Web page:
By Paige Wolf
Doctors are fallible. Nurses and pharmacists are not immune to error. Office staff make mistakes.
And in this fast-paced world, one place where I try to be as conscientious as possible is when it comes to my children’s health. As someone who has been misdiagnosed, offered inappropriate treatments, and literally sent home from a hospital with full-blown sepsis, I am particularly diligent when it comes to health assessments.
Here is an example of a situation where a doctor’s office could have very easily caused damage, but I was fortunate enough to catch a major error.
My 9-year-old son has worn glasses since he was 4. He is far-sighted with slight amblyopia, which has mostly been corrected through patching.
At his recent eye doctor appointment, the ophthalmologist noted that his prescription needed a tweak and they sent me home with a new Rx in hand.
Rather than seek out one of the rare glasses shops that accepts insurance and choose from a scant selection of child’s frames, I shop for cheap glasses online.
But when I logged into my account to update the prescription, I noticed major discrepancy: the new Rx was minus while the old Rx was plus. A quick Google search showed me that they had accidentally given a prescription for near-sighted glasses – a pretty massive error!
If I had just handed off the prescription at a glasses shop, I never would have noticed the difference, and my child would have ended up in glasses that could have seriously impaired his vision. And what if my child was much younger or didn’t have the language to let us know something was wrong with the glasses? Or what if we didn’t believe him and thought he just didn’t feel like wearing them for aesthetic reasons? An error like this could cause serious damage.
When I called the office to express my concern, they responded by simply emailing me the corrected prescription with nary an apology. I let the office manager – or whoever it was that emailed me – know what a massive problem this could have been and asked her to please pass the message on to the staff to be more careful. But who knows if that made any significant impact in a specialist’s office with a wait time that rivals Space Mountain during holiday season.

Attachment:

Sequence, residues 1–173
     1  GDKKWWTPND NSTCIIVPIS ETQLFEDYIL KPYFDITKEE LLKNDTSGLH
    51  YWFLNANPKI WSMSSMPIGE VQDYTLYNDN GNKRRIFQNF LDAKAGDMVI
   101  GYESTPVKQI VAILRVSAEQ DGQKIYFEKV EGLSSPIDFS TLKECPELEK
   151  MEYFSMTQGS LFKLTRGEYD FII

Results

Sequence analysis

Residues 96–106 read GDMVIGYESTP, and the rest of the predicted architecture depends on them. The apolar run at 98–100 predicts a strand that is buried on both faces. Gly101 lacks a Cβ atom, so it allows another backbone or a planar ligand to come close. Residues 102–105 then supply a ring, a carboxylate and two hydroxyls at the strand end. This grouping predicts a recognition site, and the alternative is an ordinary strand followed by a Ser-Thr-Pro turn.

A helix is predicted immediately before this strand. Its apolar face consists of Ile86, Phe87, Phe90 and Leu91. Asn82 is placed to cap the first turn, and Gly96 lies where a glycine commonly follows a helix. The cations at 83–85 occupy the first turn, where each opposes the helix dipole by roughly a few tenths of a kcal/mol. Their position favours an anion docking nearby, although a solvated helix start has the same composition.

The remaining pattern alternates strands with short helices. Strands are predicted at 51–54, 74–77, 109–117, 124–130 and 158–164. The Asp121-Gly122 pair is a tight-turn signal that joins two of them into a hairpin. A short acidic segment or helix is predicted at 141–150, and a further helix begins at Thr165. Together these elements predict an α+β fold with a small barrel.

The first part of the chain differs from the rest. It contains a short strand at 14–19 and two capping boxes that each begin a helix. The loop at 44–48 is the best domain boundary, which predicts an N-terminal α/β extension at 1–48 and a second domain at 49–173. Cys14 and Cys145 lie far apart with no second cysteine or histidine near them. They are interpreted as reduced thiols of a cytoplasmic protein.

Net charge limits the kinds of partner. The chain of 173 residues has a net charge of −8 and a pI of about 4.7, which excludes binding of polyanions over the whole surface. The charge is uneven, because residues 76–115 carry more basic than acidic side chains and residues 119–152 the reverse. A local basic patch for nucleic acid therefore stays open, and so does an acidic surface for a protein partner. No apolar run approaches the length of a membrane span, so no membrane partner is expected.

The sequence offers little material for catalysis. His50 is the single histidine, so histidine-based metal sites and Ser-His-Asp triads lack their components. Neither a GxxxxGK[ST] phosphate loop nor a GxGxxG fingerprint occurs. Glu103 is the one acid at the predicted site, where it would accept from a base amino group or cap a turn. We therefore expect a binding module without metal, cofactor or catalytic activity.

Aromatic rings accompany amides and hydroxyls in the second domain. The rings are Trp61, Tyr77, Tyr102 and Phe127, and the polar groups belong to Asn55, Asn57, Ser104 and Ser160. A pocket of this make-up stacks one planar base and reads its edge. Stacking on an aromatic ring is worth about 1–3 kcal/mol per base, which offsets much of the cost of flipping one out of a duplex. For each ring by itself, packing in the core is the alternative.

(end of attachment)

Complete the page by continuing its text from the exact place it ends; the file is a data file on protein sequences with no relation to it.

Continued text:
The same week we took the kids for a dental checkup where we were shocked to learn that they have 10 cavities between them – 10! I had never had a cavity in my life, and neither had they. And I was told that this practice – the only one that took our insurance – was notorious for exaggeration. I asked them to send me the X-rays so I could get a second opinion before subjecting my kids to torturous dental work. And, in this case, the dentist was actually right – they both were going to need to face the drill.
But I’m glad we checked and will continue to be vigilant about protecting my children’s health. My scattered brain is certainly imperfect, and I could be better about monitoring teeth-brushing, but I will continue to be cautious about human error. Check the label to make sure the pharmacist gives you the right prescription, ask for a second opinion if something doesn’t seem right, and trust your gut when it comes to your kids’ health. (Unless your gut is telling you not to vaccinate in which case I urge you to trust the science).
Paige Wolf is the founder of PhillyTweens.com and the author of Spit That Out! The Overly Informed Parent’s Guide to Raising Healthy Kids in the Age of Environmental Guilt book and blog, where this post first appeared. She is also the owner of Paige Wolf Media and Public Relations, a B Corporation PR firm focused on sustainable clientele. She lives in Philadelphia with her husband, two children, and American Hairless Terrier.